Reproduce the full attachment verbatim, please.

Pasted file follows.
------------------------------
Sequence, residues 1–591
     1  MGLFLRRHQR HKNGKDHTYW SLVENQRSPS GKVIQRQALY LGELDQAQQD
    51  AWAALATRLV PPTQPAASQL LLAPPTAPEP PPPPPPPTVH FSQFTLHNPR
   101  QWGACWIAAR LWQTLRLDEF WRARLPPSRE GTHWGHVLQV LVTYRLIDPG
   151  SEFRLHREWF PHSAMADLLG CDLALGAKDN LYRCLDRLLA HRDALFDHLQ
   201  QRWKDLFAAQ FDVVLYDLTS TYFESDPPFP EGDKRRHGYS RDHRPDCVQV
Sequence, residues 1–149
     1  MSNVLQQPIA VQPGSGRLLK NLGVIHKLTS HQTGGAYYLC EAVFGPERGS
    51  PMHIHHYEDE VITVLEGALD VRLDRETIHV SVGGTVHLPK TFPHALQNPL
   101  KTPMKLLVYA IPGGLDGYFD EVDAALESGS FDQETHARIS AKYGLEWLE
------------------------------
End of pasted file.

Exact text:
Sequence, residues 1–591
     1  MGLFLRRHQR HKNGKDHTYW SLVENQRSPS GKVIQRQALY LGELDQAQQD
    51  AWAALATRLV PPTQPAASQL LLAPPTAPEP PPPPPPPTVH FSQFTLHNPR
   101  QWGACWIAAR LWQTLRLDEF WRARLPPSRE GTHWGHVLQV LVTYRLIDPG
   151  SEFRLHREWF PHSAMADLLG CDLALGAKDN LYRCLDRLLA HRDALFDHLQ
   201  QRWKDLFAAQ FDVVLYDLTS TYFESDPPFP EGDKRRHGYS RDHRPDCVQV
Sequence, residues 1–149
     1  MSNVLQQPIA VQPGSGRLLK NLGVIHKLTS HQTGGAYYLC EAVFGPERGS
    51  PMHIHHYEDE VITVLEGALD VRLDRETIHV SVGGTVHLPK TFPHALQNPL
   101  KTPMKLLVYA IPGGLDGYFD EVDAALESGS FDQETHARIS AKYGLEWLE